Last Tuesday I was drinking coffee with Rod, in Jonkoping, talking about the presentation we were due to give the next day. My phone rang and I got the call that I knew was coming soon but still not expecting. The message was that my friend and colleague Max had died.
Max was prepared for the end of his life, more than prepared, he faced it head on. He had cancer for the last two years. We had had many conversations (electronic – our favourite kind) about life and death, about contributions and appreciations, and about what needed to be said and done for a good death. We said what we wanted to say to each other – and I asked for and got my ‘legacy instructions’. Max’s legacy is broad and deep. Before he died we talked about his legacy to me – what I have learned from him, and how he changed how I work. Max was someone I trusted with the sides of me I am not proud of. When my anger tipped into being mean he would gently but clearly chastise me. I learned from him by watching how he addressed situations where he wanted something strongly, for example helping the Board think about international contributions. He was a skilled negotiator, determined and clear without ever being aggressive. He lived generously and wisely. I have not heard his dry one-liners for some time now and I learned from his funeral that his sense of rhythm whist dancing was something to behold.
His legacy extends beyond the love he had for his family, friends and colleagues. He made contributions to the person-centred practices community and he shared what he was thinking and learning in his influential blogs. Max led work on a person-centred approach to exploring conflict and was the main architect of a person-centred approach to risk. You will read more about that soon (I have a legacy task to him here). He was one of the founders of Community Circles, but more than that – he started the conversations that made it happen. His most recent contribution was in thinking about one-page profiles at end of life.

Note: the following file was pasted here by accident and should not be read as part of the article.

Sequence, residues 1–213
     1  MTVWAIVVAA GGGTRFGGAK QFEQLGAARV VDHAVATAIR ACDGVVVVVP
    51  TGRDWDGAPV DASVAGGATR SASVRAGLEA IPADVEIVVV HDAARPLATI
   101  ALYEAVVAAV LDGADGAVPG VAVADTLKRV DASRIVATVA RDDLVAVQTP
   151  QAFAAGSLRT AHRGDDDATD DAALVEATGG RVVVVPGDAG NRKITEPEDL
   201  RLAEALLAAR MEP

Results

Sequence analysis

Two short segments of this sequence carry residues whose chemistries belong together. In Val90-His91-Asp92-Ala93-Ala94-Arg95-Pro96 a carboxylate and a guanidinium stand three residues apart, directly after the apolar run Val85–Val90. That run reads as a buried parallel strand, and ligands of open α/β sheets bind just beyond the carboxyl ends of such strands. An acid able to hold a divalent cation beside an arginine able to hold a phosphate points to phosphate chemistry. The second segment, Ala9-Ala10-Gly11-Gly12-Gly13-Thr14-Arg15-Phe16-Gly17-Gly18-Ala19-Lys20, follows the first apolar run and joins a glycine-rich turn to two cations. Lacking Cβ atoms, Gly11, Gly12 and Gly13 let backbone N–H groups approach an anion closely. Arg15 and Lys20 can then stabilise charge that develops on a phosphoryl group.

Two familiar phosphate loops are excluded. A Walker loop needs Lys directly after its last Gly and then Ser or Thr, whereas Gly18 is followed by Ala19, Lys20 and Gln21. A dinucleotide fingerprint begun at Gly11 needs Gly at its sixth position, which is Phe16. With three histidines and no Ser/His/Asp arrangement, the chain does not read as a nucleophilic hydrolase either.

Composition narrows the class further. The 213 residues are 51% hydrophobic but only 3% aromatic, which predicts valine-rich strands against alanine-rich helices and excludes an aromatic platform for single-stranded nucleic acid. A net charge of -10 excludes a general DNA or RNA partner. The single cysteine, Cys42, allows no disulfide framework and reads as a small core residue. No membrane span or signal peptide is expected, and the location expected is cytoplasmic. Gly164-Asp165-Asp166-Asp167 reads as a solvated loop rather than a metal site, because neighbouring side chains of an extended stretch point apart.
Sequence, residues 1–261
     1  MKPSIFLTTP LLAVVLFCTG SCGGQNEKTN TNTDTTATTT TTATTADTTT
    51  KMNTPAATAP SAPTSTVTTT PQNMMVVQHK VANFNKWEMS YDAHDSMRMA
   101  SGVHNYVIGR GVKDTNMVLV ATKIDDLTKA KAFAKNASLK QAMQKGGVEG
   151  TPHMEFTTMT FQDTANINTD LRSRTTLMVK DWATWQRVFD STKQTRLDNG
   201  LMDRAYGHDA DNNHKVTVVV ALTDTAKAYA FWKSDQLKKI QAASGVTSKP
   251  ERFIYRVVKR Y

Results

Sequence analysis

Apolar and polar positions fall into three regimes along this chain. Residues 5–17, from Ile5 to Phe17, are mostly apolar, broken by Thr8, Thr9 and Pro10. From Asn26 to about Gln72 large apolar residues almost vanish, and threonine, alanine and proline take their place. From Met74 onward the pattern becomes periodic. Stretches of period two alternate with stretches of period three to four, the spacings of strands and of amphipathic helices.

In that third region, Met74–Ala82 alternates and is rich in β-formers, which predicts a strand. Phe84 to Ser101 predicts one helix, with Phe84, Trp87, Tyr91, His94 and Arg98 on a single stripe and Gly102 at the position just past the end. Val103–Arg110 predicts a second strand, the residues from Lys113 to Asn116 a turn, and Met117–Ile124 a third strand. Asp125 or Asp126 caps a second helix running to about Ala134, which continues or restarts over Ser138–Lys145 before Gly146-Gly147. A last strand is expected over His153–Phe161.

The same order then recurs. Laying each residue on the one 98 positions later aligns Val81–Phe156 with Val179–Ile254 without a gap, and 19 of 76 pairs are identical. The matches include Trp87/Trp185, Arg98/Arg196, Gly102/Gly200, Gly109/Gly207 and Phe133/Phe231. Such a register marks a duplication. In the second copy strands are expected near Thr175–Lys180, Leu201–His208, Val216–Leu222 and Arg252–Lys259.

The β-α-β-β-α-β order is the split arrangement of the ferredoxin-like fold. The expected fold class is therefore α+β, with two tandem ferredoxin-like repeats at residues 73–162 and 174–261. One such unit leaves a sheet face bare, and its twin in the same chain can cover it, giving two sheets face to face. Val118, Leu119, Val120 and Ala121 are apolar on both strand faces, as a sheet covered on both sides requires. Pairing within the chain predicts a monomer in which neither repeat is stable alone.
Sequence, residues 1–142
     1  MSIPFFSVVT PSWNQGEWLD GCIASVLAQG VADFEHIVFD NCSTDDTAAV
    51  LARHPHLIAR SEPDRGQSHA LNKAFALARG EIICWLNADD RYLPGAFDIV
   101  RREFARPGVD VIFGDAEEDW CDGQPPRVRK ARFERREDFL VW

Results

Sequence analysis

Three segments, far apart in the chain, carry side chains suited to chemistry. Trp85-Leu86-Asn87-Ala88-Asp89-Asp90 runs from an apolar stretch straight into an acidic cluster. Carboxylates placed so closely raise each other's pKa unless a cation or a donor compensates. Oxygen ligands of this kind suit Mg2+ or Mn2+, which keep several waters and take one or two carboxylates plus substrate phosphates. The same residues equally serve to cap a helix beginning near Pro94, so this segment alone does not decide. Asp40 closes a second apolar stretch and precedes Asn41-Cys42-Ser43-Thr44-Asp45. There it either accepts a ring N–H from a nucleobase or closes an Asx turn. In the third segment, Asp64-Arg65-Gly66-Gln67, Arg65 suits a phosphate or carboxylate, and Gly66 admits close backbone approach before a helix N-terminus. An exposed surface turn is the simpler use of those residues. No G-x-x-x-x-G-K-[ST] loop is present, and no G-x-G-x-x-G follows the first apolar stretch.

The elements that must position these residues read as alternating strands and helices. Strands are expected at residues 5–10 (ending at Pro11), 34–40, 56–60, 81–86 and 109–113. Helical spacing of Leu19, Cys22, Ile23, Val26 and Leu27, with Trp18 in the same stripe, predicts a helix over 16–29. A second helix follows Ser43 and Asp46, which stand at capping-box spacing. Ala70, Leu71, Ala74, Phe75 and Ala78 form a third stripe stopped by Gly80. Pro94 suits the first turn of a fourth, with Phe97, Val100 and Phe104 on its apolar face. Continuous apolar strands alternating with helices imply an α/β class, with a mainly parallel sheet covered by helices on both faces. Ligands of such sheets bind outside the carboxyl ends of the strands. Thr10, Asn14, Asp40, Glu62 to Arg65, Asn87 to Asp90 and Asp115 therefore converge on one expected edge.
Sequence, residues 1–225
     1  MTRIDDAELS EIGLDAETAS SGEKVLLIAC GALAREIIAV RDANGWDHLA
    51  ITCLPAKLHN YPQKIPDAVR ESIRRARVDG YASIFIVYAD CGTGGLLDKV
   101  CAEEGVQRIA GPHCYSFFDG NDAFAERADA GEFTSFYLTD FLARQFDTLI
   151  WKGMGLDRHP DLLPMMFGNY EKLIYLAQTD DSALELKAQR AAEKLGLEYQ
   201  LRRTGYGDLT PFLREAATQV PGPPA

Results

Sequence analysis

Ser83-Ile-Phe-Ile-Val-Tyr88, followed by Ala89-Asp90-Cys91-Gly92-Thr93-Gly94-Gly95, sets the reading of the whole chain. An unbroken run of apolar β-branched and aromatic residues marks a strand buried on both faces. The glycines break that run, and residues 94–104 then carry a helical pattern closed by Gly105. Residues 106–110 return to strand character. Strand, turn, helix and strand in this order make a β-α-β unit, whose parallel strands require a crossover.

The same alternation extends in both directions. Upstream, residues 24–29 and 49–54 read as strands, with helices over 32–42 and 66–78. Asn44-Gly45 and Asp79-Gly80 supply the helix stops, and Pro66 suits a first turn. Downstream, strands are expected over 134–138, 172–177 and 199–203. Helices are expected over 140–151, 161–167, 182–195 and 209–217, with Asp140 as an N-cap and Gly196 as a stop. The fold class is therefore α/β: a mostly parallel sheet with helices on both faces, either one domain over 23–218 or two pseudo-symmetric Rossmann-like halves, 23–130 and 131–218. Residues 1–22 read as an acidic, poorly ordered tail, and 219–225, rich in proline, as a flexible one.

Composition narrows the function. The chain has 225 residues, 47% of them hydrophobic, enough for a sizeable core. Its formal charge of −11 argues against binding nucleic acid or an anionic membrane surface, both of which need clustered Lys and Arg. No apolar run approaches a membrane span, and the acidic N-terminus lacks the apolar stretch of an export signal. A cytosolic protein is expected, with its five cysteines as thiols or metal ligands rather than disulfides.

We had planned a twitchat with colleagues on Wednesday 2nd March, two days after Max had died. The family wanted us to continue and I know that is what Max would have wanted, so we tweeted and talked about end of life and included exploring one-page profiles internationally. #maxeolc – Sarah’s idea, stands for maximising the impact of end of life care – to us it also captures Max’s contribution here.
I would like to publicly commit to my legacy instructions. His tone when we talked about it what that they were ‘suggestions’, and I welcomed them. Max was as ambitious in death as he was in life!
Here they are:
To simplify and revisit the person-centred approach to risk
To take forward one-page profiles at end of life
For Community Circles to have an impact in the lives of thousands of people.
I will do an annual blog – my legacy report to Max – on how we are doing.
I saw other areas of Max’s life through Facebook – Preston Bus station was often featured and always evident was his commitment to social justice. In January he posted a picture with Michael Smull, someone who both Max and I would describe as a mentor. Michael travelled from Nebraska, changing four commitments to be at Max’s funeral. Gill picked Michael up from the airport, and we quietly worried whether the snow would impede us getting to the crematorium on time. The one-page profiles, that were mentioned at Max’s funeral, have their roots in the work that Michael started, in looking at separating what it important to and important for someone.
Max’s life and death have had an impact on me and my work. I feel very grateful to have known him, and I will be one of many people to ensure that his legacy continues.